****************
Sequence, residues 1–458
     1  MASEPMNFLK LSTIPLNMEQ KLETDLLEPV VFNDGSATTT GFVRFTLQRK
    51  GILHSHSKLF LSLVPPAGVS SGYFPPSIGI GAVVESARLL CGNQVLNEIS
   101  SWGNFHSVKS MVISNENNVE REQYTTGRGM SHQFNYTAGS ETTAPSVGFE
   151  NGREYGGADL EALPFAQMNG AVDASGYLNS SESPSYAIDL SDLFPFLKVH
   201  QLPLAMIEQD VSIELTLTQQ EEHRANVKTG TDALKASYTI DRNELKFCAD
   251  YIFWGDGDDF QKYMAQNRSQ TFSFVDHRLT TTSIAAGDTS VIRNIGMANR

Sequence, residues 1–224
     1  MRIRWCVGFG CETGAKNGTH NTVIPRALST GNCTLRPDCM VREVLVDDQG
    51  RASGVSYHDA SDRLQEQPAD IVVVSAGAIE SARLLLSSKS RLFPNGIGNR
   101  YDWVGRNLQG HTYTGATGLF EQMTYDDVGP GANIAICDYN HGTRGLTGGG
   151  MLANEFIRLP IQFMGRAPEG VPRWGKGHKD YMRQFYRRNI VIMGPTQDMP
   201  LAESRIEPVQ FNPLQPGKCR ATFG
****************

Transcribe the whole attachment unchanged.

Sequence, residues 1–458
     1  MASEPMNFLK LSTIPLNMEQ KLETDLLEPV VFNDGSATTT GFVRFTLQRK
    51  GILHSHSKLF LSLVPPAGVS SGYFPPSIGI GAVVESARLL CGNQVLNEIS
   101  SWGNFHSVKS MVISNENNVE REQYTTGRGM SHQFNYTAGS ETTAPSVGFE
   151  NGREYGGADL EALPFAQMNG AVDASGYLNS SESPSYAIDL SDLFPFLKVH
   201  QLPLAMIEQD VSIELTLTQQ EEHRANVKTG TDALKASYTI DRNELKFCAD
   251  YIFWGDGDDF QKYMAQNRSQ TFSFVDHRLT TTSIAAGDTS VIRNIGMANR

Sequence, residues 1–224
     1  MRIRWCVGFG CETGAKNGTH NTVIPRALST GNCTLRPDCM VREVLVDDQG
    51  RASGVSYHDA SDRLQEQPAD IVVVSAGAIE SARLLLSSKS RLFPNGIGNR
   101  YDWVGRNLQG HTYTGATGLF EQMTYDDVGP GANIAICDYN HGTRGLTGGG
   151  MLANEFIRLP IQFMGRAPEG VPRWGKGHKD YMRQFYRRNI VIMGPTQDMP
   201  LAESRIEPVQ FNPLQPGKCR ATFG